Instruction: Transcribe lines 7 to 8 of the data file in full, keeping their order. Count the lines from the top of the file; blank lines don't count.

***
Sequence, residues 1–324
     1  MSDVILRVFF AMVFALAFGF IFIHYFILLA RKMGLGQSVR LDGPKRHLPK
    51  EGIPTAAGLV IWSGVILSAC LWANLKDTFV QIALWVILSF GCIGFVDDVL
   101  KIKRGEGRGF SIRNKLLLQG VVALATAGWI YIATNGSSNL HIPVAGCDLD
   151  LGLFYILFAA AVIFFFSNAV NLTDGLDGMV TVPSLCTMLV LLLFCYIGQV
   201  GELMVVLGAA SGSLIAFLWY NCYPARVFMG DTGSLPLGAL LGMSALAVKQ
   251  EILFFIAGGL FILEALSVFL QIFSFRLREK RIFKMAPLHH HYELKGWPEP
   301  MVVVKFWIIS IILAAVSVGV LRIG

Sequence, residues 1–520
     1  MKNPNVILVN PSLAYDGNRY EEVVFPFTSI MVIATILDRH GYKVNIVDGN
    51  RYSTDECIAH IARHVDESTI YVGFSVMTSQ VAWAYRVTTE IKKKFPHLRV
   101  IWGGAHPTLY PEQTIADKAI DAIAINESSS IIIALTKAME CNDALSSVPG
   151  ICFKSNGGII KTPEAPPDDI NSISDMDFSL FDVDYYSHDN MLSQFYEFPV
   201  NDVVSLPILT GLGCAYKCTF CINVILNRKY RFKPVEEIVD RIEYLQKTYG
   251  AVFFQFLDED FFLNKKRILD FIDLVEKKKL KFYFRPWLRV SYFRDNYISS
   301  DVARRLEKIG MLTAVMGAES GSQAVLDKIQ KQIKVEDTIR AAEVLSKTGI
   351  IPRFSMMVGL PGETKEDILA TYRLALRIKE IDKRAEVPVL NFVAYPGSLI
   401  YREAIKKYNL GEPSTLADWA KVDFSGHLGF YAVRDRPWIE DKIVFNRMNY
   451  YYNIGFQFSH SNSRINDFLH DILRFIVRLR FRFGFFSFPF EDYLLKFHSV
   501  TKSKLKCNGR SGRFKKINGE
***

   251  EILFFIAGGL FILEALSVFL QIFSFRLREK RIFKMAPLHH HYELKGWPEP
   301  MVVVKFWIIS IILAAVSVGV LRIG